Regulating Crowdfunding – Rights and Responsibilities

On September 29, 2017 crowdfunding came of age in Australia. That was the day the Australian Securities and Investments Commission (ASIC) introduced a new crowd-sourced funding (CSF) regime modelled on those already operating in the US, UK, New Zealand and Singapore. The intention was to make it easier for smaller companies to access capital and safer for mum-and-dad investors to get a piece of the ‘new economy’ action.

Regulating crowdfunding

Crowdfunding, which involves lots of people providing small sums of money to fund a worthy enterprise, individual or organisation, has been around in various forms for centuries. In recent decades, the Internet has taken it to a whole new level but until recently online crowdfunding was a cyber Wild West. One where members of the crowd providing funds had few protections and those requesting those funds, or facilitating the exchange of capital for equity, had few legal responsibilities.

The new sheriff in town

In order to regulate this growing sector, ASIC has belatedly stepped into the role of sheriff, setting out the rights and responsibilities of the three parties involved: the companies seeking capital, the investors providing it and the crowdsourcing platforms facilitating the transaction.

  • Unlisted public companies with less than $25 million in assets and annual revenue can now raise up to $5 million a year via crowdfunding. These companies still need to meet certain requirements to sell their equity, but they will be exempt from many of the reporting, auditing and corporate governance requirements usually applied to public companies.
  • Crowdfunding platforms now need to be licensed and investors will be able to check ASIC Connect’s Professional Register to confirm a platform is trustworthy. Platforms are also required to act as gatekeepers, reviewing the investment information companies supply before helping them access capital.
  • Investors have a five-day cooling-off period, are required to obtain a risk acknowledgement before investing, and are limited to a maximum investment of $10,000 in any one company.

Seeking capital

The new crowdfunding regime is designed to help start-ups and small businesses access the opportunities that are available from new technologies without undue red tape.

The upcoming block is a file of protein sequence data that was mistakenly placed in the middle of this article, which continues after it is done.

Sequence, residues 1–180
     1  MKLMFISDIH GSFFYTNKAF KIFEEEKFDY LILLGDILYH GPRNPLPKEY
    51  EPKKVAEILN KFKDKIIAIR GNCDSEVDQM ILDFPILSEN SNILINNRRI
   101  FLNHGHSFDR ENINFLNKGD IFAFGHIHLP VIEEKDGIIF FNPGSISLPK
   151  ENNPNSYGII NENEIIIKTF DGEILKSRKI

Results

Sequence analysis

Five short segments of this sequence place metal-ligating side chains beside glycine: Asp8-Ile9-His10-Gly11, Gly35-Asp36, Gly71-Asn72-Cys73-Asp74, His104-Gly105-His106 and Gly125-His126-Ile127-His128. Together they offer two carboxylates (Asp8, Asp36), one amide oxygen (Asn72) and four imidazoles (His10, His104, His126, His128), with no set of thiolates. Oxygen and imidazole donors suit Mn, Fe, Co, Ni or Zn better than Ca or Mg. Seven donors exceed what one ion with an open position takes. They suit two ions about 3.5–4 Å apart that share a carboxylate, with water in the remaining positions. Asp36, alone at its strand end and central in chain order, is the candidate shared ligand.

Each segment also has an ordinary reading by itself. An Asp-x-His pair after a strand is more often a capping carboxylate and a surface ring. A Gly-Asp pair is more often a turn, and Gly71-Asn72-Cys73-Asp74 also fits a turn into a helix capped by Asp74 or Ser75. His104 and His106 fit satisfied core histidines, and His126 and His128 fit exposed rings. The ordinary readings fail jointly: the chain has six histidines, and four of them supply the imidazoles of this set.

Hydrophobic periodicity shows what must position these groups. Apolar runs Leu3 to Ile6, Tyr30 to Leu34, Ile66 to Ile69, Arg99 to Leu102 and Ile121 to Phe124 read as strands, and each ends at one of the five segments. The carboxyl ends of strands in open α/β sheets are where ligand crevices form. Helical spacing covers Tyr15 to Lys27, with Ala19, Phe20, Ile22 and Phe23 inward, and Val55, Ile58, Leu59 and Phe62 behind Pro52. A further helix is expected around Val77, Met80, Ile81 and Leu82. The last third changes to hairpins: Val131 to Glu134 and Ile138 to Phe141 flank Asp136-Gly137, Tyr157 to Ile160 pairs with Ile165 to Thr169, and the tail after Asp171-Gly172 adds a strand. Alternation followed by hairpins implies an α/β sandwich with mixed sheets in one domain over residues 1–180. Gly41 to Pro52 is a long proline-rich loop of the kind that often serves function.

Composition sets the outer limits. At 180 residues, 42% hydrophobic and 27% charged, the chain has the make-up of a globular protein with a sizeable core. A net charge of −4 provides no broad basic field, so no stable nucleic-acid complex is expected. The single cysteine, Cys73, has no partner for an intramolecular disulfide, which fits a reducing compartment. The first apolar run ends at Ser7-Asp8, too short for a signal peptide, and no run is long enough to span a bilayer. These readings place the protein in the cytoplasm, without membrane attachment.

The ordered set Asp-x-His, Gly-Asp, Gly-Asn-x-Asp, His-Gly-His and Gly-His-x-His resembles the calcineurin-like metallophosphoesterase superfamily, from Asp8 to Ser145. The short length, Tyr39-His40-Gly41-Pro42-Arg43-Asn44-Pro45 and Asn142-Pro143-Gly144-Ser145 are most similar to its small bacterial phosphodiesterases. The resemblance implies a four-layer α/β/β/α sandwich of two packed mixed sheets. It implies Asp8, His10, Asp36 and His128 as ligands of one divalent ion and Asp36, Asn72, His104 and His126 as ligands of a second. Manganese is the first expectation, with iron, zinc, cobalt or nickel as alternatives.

Companies from many industries will be eager to take advantage of the new arrangements. But it’s likely to be ‘new economy’ businesses that are most eager to access capital through crowdfunding and of most interest to investors using crowdfunding platforms.

Investing in early stage

It’s long been difficult for smaller investors to ‘get in on the ground floor’ with tech start-ups, which has been a both a blessing and a curse. Mum-and-dad investors have missed out on the spectacular returns enjoyed by bigger players who invested in success stories such as Atlassian, the Sydney-based start-up listed on the New York Exchange. But they’ve also avoided ‘doing their dough’ on the thousands of start-ups that never turned a profit.

There are different ways of investing for individuals willing to take a risk on early stage investments.

  • Individuals can do their own due diligence based on the limited information available, then invest directly via a licensed crowdfunding platform.
  • It is also possible to invest as part of a collective, which provides access to the expertise, knowledge and connections of experienced ‘angel’ investors. The drawback with this option is that angel groups can be picky about who they allow to join and often require a significant investment of time and money.
  • Venture capital funds can also offer access to investment in early stage companies, although this is typically limited to high net worth individuals.

Weigh up risks and rewards

For small companies, an alternative source of funding is welcome but CSF also brings with it fresh obligations to keep potentially large numbers of individual shareholders informed and rewarded.

From an investor perspective, picking winners from each year’s new crop of start-ups is never easy, even for experienced professionals. Out of every 100 early-stage companies they invest in, perhaps one will become a big success, a handful will do OK and the majority will fail.i

Even though the new rules have introduced a little more rigor around this sector, there is still some way to go and only investors happy to roll the dice are likely to be comfortable putting their money in early stage companies.


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